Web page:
The problem for Twitter, and every other would-be gTLD applicant, is that ICANN isn’t even talking in broad terms about when the next round will be.

The absolute minimum that must happen is that ICANN must complete a review of round one, focusing on “Competition, Consumer Trust and Consumer Choice”. This CCT review is mandated by ICANN’s Affirmation of Commitments with the US government.

Almost three years after the first round opened, the volunteer team that will carry out the CCT review has not even been assembled yet.

There are a number of other factors that may or may not wind up on the critical path — such as reviews of rights protection mechanisms and security and stability at the DNS root.

Coates said he would like a “bifurcated” review process leading to two separate second application rounds.

“I would advocate for bifurcating the review process, which I think is very important, especially around RPMs,” he said. “But also bifurcating the round process, treating dot-brands differently than generic names.”

I think this outcome is unlikely.

Application rules that give preference to one type of application over another invite exploitation. It happened in the 2003 sponsored TLD round and it’s happening with “community” and “Specification 13” applications in the current round too.

First dot-brand gTLD calls it quits

Kevin Murphy, October 9, 2015, Domain Registries

The South Korean industrial conglomerate Doosan has decided to formally abandon its new dot-brand gTLD, the first to do so.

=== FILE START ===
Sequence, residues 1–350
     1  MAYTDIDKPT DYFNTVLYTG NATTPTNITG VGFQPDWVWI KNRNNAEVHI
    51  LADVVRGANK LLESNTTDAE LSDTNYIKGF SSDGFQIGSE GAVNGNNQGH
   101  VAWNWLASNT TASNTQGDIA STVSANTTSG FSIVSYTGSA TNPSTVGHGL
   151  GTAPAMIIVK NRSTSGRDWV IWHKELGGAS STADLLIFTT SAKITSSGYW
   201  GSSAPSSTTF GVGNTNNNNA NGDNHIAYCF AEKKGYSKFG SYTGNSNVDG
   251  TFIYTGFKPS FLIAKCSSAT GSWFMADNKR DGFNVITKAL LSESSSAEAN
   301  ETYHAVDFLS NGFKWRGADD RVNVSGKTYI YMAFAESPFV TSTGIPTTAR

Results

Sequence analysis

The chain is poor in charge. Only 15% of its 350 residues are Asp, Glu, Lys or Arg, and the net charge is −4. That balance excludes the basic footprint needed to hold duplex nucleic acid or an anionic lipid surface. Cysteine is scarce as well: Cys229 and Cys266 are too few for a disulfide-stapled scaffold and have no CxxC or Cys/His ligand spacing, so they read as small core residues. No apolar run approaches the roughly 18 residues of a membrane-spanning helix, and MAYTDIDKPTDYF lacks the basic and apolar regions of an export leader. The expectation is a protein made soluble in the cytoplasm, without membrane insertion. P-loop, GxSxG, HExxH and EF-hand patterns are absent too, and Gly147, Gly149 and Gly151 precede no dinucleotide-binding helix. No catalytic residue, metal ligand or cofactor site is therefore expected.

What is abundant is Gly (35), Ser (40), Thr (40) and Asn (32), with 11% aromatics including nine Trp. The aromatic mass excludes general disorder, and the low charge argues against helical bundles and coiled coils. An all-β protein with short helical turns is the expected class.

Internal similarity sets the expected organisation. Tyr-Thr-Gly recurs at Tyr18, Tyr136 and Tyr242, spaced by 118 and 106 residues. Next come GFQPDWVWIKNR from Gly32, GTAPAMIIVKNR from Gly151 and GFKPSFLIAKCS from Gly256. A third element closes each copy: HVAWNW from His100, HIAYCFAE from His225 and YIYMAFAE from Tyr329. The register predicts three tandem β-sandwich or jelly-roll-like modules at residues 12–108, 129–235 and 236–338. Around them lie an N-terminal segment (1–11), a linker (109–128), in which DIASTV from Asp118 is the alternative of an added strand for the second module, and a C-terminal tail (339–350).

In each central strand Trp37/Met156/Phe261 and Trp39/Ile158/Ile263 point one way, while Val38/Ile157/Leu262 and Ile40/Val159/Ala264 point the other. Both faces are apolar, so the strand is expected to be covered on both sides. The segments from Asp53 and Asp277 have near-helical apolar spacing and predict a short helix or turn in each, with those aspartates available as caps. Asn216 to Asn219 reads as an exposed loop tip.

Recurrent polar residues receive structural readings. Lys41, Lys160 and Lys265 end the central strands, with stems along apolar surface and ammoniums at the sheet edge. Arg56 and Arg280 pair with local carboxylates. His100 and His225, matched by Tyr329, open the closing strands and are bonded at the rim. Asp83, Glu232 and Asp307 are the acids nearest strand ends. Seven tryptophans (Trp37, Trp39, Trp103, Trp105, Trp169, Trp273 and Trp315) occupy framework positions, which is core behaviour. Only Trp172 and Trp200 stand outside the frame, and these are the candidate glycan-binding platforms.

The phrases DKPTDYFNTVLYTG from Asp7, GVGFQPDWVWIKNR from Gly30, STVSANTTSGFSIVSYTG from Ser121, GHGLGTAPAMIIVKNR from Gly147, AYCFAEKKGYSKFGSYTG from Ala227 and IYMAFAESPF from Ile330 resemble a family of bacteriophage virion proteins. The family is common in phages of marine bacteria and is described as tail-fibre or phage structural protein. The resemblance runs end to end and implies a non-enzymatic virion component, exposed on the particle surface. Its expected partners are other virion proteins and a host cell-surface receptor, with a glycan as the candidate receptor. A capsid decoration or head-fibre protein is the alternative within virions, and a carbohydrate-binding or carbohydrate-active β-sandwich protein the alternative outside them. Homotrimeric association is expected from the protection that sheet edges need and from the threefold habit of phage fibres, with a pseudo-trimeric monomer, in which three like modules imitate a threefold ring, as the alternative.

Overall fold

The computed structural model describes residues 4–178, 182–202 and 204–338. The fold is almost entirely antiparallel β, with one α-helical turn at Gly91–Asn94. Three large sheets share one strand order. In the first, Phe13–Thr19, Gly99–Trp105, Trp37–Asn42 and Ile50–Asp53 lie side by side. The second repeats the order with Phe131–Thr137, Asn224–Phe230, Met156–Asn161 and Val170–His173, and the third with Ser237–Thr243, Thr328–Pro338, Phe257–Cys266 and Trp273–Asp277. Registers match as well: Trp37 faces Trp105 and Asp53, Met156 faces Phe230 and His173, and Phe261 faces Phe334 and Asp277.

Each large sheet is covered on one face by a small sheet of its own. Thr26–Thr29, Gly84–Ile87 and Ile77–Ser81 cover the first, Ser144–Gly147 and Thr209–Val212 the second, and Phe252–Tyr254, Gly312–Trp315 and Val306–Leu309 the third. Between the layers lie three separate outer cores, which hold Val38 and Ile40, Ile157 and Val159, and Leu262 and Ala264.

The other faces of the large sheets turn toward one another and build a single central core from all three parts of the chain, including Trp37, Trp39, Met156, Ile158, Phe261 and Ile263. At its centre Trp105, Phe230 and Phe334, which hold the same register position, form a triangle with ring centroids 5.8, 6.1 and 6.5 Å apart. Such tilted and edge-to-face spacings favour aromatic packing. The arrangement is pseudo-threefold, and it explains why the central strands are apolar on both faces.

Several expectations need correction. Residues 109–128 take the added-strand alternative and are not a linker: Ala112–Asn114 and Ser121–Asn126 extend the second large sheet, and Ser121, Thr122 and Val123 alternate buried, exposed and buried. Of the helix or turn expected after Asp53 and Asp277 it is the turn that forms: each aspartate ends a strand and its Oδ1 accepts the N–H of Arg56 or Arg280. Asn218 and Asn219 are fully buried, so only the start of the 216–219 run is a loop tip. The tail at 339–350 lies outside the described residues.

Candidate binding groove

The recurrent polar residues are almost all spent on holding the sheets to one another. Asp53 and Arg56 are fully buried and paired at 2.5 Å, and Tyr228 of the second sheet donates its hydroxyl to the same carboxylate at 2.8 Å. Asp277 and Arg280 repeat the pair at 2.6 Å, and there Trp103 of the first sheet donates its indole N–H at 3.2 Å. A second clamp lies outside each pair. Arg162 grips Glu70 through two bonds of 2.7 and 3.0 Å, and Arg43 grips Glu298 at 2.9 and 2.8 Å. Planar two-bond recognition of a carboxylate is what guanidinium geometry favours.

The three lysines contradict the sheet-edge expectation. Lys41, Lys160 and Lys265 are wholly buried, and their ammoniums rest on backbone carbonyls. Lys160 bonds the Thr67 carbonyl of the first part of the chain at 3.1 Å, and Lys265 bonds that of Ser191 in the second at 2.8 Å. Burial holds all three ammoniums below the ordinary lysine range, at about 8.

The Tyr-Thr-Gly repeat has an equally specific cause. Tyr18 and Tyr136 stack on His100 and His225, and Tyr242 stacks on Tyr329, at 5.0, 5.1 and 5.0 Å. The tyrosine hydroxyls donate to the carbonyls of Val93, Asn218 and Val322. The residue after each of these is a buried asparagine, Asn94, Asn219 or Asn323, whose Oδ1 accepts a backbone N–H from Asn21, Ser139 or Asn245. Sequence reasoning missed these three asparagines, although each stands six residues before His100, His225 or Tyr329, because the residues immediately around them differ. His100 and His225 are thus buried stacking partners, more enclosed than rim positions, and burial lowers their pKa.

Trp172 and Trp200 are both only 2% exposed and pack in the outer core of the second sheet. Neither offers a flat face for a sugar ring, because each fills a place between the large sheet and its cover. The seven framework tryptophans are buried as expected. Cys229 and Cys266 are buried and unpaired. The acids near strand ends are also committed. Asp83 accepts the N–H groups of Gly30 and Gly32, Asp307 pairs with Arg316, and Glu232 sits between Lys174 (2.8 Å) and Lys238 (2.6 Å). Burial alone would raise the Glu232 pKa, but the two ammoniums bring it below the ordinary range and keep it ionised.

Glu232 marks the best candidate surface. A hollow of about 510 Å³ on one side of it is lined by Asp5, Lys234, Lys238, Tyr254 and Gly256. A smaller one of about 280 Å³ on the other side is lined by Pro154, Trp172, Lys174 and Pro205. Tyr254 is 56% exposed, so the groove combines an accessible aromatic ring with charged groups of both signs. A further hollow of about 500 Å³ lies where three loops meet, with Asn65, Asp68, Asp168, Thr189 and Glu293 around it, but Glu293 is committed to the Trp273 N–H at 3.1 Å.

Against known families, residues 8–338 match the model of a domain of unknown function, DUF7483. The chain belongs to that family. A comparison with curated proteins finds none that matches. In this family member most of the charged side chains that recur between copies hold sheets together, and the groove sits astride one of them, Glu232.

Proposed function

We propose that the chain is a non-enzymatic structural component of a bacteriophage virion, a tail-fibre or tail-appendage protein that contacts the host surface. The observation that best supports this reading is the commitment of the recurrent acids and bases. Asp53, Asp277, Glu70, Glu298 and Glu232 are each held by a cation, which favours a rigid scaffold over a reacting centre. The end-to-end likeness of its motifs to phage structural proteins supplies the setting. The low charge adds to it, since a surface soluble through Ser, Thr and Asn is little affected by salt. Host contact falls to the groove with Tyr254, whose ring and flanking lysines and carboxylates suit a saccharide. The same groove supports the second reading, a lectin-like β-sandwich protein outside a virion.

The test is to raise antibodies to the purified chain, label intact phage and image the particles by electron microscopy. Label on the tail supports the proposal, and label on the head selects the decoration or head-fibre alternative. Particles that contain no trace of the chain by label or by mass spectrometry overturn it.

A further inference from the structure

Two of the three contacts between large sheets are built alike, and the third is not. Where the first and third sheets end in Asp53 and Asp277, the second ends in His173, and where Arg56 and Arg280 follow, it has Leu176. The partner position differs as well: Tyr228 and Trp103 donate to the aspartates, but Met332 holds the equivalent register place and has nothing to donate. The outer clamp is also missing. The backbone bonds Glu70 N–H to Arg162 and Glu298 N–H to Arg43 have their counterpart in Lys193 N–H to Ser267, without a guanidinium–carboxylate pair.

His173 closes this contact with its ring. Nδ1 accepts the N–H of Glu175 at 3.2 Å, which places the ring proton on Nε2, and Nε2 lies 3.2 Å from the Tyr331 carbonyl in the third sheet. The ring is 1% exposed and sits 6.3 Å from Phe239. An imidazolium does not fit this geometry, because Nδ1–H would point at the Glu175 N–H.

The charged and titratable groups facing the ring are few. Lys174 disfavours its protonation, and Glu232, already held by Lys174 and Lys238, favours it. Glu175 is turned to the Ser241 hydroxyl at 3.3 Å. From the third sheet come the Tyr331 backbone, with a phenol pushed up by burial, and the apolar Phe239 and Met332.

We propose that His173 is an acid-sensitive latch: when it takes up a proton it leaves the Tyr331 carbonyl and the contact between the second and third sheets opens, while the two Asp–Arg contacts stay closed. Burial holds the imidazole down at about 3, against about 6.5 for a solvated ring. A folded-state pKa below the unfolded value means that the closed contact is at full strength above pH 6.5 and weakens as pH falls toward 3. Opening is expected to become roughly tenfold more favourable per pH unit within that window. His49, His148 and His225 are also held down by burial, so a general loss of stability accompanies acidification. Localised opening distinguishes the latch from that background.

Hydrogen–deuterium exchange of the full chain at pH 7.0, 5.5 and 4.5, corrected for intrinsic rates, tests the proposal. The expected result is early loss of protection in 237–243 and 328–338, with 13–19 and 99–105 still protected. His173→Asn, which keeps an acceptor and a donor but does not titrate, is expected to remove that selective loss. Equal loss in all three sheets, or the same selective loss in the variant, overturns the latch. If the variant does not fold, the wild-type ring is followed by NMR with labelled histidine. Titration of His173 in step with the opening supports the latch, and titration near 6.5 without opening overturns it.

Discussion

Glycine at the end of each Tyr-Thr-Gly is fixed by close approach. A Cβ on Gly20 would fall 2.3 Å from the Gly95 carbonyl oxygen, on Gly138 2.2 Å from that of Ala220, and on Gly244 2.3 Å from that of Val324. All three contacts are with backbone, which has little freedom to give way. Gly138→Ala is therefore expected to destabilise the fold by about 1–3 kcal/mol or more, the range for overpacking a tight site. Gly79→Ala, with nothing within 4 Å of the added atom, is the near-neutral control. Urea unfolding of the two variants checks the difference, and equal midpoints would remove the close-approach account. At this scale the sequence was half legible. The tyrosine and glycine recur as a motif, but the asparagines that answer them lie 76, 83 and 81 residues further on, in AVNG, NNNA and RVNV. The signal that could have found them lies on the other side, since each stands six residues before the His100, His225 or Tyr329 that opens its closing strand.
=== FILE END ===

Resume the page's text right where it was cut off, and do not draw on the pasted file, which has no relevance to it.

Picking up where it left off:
The news was announced by ICANN this evening, as part of the launch of a new web page for tracking gTLD contract termination requests.

Doosan is a bloody big company with multiple billions of annual revenue, in no danger of going out of business any time soon, so it seems the termination is simply due to a lack of interest.

The .doosan gTLD is not subject to the dot-brand provisions in Specification 13 — it actually signed its contract a week or so before Spec 13 was finalized — but ICANN has determined that the string should not be transitioned to a new registry.

Intellectual property rights and the fact that nobody else owns any .doosan names figured heavily in the decision.

Even though Doosan signed its Registry Agreement in April 2014, got delegated a year ago, and has been available to use since mid-March, the company never created any domains other than the obligatory nic.doosan (which no longer resolves for me).

The termination is subject to public comment until November 9.

Dozens of dot-brands finally sign ICANN contracts

Kevin Murphy, August 5, 2015, Domain Services

Dot-brand gTLD applicants that were playing wait-and-see with ICANN’s contracting process signed Registry Agreements in droves last week.

At least 67 new RAs were signed in the last three days of July, on or around the ICANN’s July 29 deadline, ICANN’s web site shows.

This means that there are still about 50 applicants that have not pulled the trigger and may have to apply for an 60-day last-chance extension.

A week before the deadline, roughly 170 brands had still not signed contracts.

The July 29 deadline was put in place for dot-brands last year due to delays creating Specification 13 of the RA, which gives brands special opt-out clauses dealing with things like sunrise periods.

Those that have still not obtained RAs are expected to be flagged as “Will Not Proceed” and will have to apply to ICANN for the extension under its Application Eligibility Reinstatement process.